difficulties that arise when pupils
find it convenient to attend schoo
away from home? AVould it do away
altogether with the question of res
idence? Would it notbe an encour
agement to districts to have good
and large school houses, and to sus
tain good and efficient schools, be
cause large schools arc cheaper than
small ones? If a teacher earns one
dollar for hearing three classes of
eight pupils each, docs not the reci
tation of each pupil cost over four
cents? If he had three classes' of
fifteen pupils each, is not each pupil
instructed for a little more than two
cents? This shows that a school of
one hundred pupils is cheaper than
one cf forty at naif the money, pro
vided tho payment is made accord
ing to the work done.
Something ought to done in this
matter for the benefit of Oregon.
There are nnuy of the citizens whoso
education is very limited, if not en-
"o-"v A.xw... .
6ent as tho parents or guardians may
choose. The claim is made and ; in
sisted upon, that it is a matter that
concerns no ono but the parents
themselves whethei their children
are educated or not. But if the Uni
ted States is not corcerned, why
does it give land to create school
funds? If the State and the neigh
borhood are not concerned, why do
they levy taxes for the education of
these children? Individual rights
cannot conflict with public rights,
for the right of the individual ceases
when its enjoyment is inconsistent
with the public welfare, and more
especially if the power and efficiency
of the government are endanged
thereby. Let ua then agree with
the resolution of the old Pilgrims,
1G42, twenty-two years after they
landed at PI vmouth rock: "For as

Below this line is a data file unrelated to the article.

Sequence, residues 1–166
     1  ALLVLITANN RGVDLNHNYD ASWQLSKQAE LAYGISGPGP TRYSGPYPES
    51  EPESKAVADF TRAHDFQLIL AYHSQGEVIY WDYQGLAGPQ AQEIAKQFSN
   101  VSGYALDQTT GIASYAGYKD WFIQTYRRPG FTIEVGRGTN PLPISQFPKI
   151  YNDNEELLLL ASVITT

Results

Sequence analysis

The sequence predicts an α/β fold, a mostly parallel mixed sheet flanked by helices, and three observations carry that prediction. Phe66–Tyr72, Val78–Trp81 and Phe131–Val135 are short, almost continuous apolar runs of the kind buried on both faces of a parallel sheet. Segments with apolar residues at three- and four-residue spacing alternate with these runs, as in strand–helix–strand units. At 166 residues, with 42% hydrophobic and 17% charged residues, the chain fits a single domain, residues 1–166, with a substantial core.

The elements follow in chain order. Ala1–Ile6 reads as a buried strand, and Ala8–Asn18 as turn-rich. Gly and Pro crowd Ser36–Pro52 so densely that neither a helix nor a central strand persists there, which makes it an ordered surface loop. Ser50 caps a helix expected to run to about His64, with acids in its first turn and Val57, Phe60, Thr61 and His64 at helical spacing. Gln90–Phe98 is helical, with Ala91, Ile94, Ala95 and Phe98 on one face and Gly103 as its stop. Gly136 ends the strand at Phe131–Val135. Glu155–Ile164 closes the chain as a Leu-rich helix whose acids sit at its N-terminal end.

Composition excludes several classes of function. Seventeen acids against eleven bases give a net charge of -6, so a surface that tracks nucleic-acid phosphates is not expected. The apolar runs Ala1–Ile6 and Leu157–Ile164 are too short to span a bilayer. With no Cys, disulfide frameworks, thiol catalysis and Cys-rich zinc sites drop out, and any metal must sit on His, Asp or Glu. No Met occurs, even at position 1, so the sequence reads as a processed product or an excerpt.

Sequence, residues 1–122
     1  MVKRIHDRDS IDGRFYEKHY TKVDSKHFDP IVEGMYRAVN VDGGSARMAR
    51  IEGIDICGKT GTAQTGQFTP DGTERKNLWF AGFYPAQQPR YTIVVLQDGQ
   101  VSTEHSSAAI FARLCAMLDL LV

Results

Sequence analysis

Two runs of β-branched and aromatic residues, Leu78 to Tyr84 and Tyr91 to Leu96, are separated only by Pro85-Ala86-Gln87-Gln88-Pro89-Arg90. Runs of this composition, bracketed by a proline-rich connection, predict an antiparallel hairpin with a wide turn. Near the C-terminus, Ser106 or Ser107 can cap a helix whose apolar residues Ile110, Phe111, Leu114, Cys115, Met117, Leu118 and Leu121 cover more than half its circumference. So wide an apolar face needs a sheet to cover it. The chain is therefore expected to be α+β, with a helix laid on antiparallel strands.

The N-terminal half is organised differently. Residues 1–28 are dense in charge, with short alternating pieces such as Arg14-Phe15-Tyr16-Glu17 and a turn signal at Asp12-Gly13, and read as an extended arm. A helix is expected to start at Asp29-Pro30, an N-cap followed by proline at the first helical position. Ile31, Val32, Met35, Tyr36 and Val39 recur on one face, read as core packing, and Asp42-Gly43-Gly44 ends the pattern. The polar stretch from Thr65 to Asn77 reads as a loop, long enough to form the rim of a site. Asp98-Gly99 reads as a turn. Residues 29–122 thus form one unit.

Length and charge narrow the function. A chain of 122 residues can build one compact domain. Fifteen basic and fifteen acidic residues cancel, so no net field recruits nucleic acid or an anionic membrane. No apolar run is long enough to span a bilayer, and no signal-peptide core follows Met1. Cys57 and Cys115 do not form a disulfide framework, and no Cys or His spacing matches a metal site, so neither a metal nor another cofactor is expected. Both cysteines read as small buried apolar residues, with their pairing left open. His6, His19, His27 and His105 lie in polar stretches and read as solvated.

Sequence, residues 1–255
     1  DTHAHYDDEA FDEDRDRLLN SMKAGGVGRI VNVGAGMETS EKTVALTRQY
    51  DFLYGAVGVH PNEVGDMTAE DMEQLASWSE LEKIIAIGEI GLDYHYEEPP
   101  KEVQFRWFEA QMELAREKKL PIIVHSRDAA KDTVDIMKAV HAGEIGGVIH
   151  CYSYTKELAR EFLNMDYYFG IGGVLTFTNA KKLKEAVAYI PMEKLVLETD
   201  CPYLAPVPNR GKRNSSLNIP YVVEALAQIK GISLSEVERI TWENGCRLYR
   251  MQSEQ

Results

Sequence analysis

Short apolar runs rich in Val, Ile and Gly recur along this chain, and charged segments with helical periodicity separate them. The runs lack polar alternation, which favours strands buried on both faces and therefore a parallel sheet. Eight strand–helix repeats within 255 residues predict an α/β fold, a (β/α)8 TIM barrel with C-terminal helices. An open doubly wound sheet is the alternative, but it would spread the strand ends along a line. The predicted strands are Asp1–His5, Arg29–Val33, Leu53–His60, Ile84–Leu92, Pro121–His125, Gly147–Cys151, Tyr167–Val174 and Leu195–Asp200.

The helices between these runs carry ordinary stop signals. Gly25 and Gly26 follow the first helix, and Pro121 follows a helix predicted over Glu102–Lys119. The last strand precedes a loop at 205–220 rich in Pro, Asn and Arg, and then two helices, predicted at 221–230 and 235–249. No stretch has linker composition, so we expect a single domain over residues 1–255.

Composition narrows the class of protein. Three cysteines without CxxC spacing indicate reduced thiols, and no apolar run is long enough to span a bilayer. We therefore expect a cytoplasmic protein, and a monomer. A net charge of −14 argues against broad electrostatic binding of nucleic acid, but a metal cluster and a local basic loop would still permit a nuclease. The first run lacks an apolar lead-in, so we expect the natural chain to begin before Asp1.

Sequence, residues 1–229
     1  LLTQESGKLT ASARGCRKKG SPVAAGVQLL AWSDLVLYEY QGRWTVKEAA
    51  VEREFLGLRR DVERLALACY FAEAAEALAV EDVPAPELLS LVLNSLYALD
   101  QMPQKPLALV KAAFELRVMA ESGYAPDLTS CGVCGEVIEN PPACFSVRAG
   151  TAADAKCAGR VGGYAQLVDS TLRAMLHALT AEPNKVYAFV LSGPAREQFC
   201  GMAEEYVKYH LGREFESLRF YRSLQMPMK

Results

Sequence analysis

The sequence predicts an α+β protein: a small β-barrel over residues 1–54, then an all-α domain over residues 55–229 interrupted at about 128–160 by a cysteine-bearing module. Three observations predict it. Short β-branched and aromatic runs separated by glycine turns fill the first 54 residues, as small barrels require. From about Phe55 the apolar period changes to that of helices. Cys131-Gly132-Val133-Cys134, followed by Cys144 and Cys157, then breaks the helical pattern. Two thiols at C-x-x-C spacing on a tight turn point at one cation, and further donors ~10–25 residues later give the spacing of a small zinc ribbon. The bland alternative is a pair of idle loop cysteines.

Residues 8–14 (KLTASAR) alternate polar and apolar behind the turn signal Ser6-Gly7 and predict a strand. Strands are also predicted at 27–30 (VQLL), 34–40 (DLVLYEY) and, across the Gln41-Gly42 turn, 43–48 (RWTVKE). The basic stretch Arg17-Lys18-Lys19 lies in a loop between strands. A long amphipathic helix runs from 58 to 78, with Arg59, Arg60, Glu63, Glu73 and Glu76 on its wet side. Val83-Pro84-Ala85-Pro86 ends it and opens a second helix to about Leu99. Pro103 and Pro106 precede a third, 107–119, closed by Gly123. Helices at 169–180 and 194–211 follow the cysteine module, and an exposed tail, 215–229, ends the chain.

the good education of children is of
singular behoof and benefit to any
commonwealth; and whereas, man'
parents and masters nre too indul
gent and negligent of their duty in
this kind, it is, therefore, ordered
bv this court and tho authoritv
thcreot, that the fcelectmen of evciy
town shall have a vigilant eve to sec
that none shall suffer so much bar
barism in their families, as not to
have them taught perfectly to read
the English tongue, and to have
some useful knowledge of tho capi
tal laws upon pain of twenty bhil
lings for each neglect ' therein. ''
Mrs. Slanton is a handsome wo
man. Miss Anthony and Miss Liv
erinore are both plain. Maria and
Jane Porter were women of high
brows and irregular featiws, as was
also Miss Sedgewick. Ann Dick
inson has a strong masculiuo face:
Kate Field has a good-looking face
face, though by no means a pretty
one; and Mrs. Stowe is thought to
be positively homely. Alice and
Pho'bo Cary were both plain in fea
tures, though their sweetness in dis
position added gicatly to their per
sonal appearance. Margaret Fuller
had a splendid head, but her fea
tures were irregular, and she was
anything but handsome, though
sometimes in a glow of conversation
she appeared almost radiant. Char
lotte Bronte has wondrcusly beau
tiful dark brown eyes and perfectly
shaped head. She was small to di
Miiiutiveiiess, and was as simple in
he manner as a child. Julia Ward
Howe is a fine-looking woman,
wearing an aspect of grace and re
finement, and great force of charac
ter in her face and carriage. Laura
Holloway resembles CharlotteBronte
both in personal appearance an I hi
the sad experience of her young life.
Neither Mary Booth norMarian Har
lan can lav claim to handsome faces,
though ihey are splendid specimens
of cultured women, while MaryCleni
mer Ames is just a pleasing in fea
tures as her writings are graceful
and popular. Ers
The Great Market for Wheat.
The British Board of Trade re
turns show that the imports of
Wheat and Flour into tho United
Kingdom for the nine months end
ing on the 1st ofOctober were equiv
alent to 01,000,000 bushels Wheat,
or 2,000,000 bushels in excess of the
same time last year. Tho two
chief sources of supply aro Russia
and the United States. Tho quanti
ty imported from tho United States
is 31,518,000 bushels, an increase of
1G,000,000 bushels over the previous
year; while tho quantity drawn